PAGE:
Risk factors that can contribute to students being in crisis can include mental health issues, family difficulties and breakdown including placement in out-of-home care, abuse and neglect, sexual identity, drug and alcohol misuse, and eating disorders. These factors can result in students disengaging from school, significant behavioural issues including truancy, bullying, and violence, the likelihood of teenage pregnancy, and poor health, wellbeing and educational outcomes. Collaborative intervention to improve such behaviour is a crucial area of work for schools, primary welfare officers and community services.

Responding effectively to students in crisis requires a focus on:

  • documented procedures for identifying students at risk so that no students ‘fall through the gap', promoting comprehensive assessment of barriers to learning, recording the primary prevention and early intervention activities to date and resulting outcomes, and reviewing the services available from community agencies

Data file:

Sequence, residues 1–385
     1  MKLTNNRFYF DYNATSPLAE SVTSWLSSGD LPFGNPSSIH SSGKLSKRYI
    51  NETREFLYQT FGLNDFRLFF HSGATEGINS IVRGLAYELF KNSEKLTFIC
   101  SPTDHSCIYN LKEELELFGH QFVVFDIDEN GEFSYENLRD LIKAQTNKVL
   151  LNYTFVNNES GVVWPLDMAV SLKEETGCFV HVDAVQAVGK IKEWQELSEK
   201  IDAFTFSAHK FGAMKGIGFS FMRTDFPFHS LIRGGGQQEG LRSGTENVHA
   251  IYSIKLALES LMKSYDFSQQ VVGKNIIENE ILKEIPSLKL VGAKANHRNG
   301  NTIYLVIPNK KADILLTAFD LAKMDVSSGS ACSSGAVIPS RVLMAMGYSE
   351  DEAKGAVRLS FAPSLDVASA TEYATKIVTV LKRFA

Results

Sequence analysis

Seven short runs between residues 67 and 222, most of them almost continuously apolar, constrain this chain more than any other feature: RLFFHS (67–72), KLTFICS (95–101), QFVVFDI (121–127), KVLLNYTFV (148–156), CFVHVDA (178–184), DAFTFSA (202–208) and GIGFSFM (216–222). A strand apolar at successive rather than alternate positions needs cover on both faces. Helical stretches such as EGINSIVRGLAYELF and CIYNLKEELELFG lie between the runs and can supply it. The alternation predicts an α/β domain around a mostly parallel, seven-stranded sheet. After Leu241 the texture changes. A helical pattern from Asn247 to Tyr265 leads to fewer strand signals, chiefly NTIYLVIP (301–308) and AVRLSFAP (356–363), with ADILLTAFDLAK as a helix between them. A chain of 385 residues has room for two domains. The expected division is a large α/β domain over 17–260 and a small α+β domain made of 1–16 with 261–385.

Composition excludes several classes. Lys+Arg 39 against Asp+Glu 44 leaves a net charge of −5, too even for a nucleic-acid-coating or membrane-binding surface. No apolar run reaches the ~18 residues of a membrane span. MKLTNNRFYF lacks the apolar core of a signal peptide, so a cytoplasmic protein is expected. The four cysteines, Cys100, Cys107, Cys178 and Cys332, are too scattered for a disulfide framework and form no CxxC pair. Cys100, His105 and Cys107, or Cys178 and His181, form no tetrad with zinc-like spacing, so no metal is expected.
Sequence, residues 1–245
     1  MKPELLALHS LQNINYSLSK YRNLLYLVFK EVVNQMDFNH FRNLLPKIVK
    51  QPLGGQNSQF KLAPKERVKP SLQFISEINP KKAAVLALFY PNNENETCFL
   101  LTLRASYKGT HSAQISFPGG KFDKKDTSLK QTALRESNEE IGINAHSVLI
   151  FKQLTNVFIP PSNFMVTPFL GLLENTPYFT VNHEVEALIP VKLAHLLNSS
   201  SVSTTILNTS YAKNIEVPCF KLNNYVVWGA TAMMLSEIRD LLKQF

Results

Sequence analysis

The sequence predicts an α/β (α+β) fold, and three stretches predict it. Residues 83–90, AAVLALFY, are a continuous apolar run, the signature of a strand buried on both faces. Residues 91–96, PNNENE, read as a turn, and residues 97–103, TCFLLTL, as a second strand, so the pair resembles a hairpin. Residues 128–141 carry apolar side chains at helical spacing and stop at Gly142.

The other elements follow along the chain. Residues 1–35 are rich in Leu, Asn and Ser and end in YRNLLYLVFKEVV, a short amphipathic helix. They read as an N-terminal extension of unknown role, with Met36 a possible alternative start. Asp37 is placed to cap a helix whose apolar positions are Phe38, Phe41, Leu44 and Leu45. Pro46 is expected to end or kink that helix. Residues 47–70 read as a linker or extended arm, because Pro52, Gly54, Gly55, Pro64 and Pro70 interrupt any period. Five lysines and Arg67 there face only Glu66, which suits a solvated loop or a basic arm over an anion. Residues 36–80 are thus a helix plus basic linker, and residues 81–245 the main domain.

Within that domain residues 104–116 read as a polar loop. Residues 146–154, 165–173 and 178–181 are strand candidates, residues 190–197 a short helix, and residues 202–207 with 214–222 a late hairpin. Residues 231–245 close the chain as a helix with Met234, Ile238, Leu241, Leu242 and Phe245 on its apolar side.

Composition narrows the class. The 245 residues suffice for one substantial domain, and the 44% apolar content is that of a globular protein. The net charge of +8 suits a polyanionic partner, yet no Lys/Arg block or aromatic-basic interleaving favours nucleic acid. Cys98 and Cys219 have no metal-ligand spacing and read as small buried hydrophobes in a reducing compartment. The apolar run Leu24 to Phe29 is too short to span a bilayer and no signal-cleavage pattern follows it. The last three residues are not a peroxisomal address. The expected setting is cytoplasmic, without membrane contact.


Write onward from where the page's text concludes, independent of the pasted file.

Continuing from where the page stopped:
• clear referral procedures
  • easy access to counselling and treatment
  • strong partnerships with students and families, relevant community groups and external service providers to ensure a tailored, culturally appropriate, holistic intervention is developed
  • strong support frameworks for the intervention, that may include a case management plan, student support group, and individual student learning plan, which are agreed to by the student, parents and relevant school professionals and external providers
  • continuity of care, including a stable advocate or mentor
  • continual monitoring of student outcomes and the appropriateness of the intervention, including celebrating the successes
  • targeted professional development for teachers and primary welfare officers.

Role of primary welfare officers in interventions requiring complex responses

For those students requiring complex responses, primary welfare officers work within an integrated approach to coordinate the effective support, intervention and monitoring that is required, which may include participation on a student support group and in developing an individual education plan. An important part of this response is to make sure that there are strong and well-understood links to specialists and relevant community services.